Monday, October 26, 2020

Josephine Baker: The Story of an Awakening, on Cinemoi

She became a fashion icon by notoriously wearing very little. She was the toast of Paris, who returned the city’s love by joining the French resistance. For her service, she was awarded the French Croix de Guerre, along with Vera Atkins and Noor Inayat Khan (posthumously), the subjects of A Call to Spy. Rather fittingly, Ilana Navaro’s Josephine Baker: The Story of an Awakening premieres this Thursday on Cinémoi, the film and fashion network.

Baker grew up in Missouri, a Union border state that felt more like the Old South, around the time Woodrow Wilson segregated the Federal government. She broke into show business in the storied Cotton Club, clawing her way from a back stage gig to a featured spot in the chorus. However, it was Paris, where Baker became a star. Yet, she was constantly frustrated in her attempts to expand her French popularity with American audiences.

Baker passed away in 1975 and achieved her career peaks in the 1920s and 1930s, so none of her contemporaries are really around anymore. As a result, there is a conspicuous but unavoidable lack of personal voices in
Awakening. Instead, Navaro relies on a handful of talking head academics, who provide competent commentary, but nobody really gives a sense of Baker, beyond the legend.

Of course, that is really what Navaro’s hour-long documentary is most concerned with. Even more than the Parisian night club icon,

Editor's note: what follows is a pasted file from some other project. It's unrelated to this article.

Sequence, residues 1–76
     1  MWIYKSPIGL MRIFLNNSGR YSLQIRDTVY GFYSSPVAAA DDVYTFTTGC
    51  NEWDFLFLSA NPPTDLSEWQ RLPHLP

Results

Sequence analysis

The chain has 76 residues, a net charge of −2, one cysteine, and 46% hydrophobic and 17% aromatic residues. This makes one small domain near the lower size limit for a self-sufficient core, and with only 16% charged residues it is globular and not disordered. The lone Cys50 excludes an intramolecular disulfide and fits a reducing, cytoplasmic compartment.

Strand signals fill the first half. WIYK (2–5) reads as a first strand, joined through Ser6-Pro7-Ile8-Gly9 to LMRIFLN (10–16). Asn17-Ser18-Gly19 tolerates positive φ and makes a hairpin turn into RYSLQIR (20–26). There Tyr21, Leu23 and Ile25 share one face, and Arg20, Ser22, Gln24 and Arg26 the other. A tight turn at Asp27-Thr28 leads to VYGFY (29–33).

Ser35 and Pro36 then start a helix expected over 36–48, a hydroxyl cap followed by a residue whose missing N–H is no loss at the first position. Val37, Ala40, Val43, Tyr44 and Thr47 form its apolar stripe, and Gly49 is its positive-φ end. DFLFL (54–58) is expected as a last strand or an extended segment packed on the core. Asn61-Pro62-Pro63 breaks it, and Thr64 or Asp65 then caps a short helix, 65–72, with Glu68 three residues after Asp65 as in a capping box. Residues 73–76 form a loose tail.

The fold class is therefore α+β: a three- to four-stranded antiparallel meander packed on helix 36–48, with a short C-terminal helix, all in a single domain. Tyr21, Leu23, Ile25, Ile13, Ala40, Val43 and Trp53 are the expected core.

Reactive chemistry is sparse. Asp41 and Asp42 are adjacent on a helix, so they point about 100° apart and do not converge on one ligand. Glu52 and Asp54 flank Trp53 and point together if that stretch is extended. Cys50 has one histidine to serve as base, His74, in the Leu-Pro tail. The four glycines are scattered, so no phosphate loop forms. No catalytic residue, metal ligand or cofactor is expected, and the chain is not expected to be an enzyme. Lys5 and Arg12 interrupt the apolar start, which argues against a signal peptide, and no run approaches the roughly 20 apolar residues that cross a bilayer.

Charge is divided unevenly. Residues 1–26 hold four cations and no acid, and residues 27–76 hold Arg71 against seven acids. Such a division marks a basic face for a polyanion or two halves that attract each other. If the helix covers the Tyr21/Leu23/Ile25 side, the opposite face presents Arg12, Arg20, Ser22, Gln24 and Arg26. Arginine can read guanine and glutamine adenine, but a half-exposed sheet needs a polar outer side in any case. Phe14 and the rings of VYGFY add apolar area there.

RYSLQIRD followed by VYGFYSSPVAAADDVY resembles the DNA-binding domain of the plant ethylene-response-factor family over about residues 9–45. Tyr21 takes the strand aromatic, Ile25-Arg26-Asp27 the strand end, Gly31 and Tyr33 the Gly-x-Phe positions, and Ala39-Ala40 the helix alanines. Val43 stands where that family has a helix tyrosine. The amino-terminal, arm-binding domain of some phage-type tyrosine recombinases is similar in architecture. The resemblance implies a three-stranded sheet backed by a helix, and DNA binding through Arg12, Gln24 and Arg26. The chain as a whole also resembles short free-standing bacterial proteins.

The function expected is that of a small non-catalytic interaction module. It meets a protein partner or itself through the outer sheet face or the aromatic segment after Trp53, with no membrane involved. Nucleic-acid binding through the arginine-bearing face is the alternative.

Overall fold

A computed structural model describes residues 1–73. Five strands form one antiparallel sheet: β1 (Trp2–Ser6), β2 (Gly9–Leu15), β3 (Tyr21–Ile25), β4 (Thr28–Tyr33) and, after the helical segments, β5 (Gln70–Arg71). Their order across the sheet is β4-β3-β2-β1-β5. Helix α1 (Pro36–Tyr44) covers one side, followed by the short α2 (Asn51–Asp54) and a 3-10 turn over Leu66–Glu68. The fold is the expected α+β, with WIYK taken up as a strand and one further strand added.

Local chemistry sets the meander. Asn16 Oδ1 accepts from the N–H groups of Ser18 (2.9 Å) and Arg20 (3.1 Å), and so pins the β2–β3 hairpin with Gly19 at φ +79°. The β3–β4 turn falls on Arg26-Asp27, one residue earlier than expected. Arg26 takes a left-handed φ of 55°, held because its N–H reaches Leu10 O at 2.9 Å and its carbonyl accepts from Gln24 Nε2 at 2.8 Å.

Awakening examines Baker as a symbol of French resistance and Civil Rights activism. To a large extent, Awakening is more about how others perceived Baker than her personal relationships. Arguably, her “Rainbow Tribe” adoption of twelve children from around the world made her an early forerunner to Angelina Jolie, but there had to be more drama and complications involved than Awakening lets on.

Navaro probably gives more time to Baker’s civil rights activism than any other aspect of her life, which is certainly a logical and defensible editorial decision. However, we suspect a lot of intrigued viewers would like to hear more about her clandestine work for the French resistance. Indeed, “Josephine Baker, Secret Agent,” sounds like a winning premise for TV mini-series or film, very much in the tradition of
Call to Spy (which deserved considerably more attention and acclaim).

Still, it is a probably a good sign that Awakening leaves us wanting more Josephine Baker. It is a solidly informative overview of her life and career, with plenty of striking archival images. There is little new here that will be particularly new or surprising to hip viewers who have already seen previous Baker docs, like Josephine Baker: Black Diva in a White Man’s World, but it should fascinate Cin
émoi’s established audience. Recommended as a compact biography of an amazing life, Josephine Baker: The Story of an Awakening airs Thursday night (10/29) on Cinémoi.